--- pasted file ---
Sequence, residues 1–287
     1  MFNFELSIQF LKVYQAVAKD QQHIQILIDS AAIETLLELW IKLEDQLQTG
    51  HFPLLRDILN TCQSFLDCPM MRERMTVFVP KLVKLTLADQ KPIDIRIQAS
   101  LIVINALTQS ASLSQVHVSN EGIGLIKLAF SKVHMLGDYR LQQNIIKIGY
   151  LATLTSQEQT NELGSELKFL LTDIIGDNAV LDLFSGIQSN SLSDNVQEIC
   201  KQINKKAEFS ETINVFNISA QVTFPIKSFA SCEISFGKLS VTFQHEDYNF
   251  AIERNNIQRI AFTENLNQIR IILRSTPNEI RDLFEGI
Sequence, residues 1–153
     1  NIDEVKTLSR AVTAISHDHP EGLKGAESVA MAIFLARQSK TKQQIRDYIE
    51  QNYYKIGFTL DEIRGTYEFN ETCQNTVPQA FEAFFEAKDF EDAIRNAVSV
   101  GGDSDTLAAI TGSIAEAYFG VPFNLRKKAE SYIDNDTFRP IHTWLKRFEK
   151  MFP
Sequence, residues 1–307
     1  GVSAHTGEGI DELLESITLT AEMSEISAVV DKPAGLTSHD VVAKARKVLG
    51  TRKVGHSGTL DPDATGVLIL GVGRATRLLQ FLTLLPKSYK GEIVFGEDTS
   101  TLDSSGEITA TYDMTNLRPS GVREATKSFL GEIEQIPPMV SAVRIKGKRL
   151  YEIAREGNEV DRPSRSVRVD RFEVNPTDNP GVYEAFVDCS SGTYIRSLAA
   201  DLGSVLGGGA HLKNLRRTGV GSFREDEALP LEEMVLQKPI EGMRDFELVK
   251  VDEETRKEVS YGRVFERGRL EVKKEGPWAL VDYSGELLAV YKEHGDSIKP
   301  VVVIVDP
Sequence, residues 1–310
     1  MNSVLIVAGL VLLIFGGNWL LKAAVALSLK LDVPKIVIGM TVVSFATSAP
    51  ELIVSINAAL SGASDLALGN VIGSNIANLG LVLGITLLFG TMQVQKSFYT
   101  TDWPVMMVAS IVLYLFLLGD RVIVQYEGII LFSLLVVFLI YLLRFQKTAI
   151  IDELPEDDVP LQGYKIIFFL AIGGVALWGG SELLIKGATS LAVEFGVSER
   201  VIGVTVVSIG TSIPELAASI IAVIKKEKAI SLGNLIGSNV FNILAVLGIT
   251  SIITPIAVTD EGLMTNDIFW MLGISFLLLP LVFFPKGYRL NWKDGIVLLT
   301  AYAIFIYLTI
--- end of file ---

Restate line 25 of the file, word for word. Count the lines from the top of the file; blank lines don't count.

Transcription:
   151  IDELPEDDVP LQGYKIIFFL AIGGVALWGG SELLIKGATS LAVEFGVSER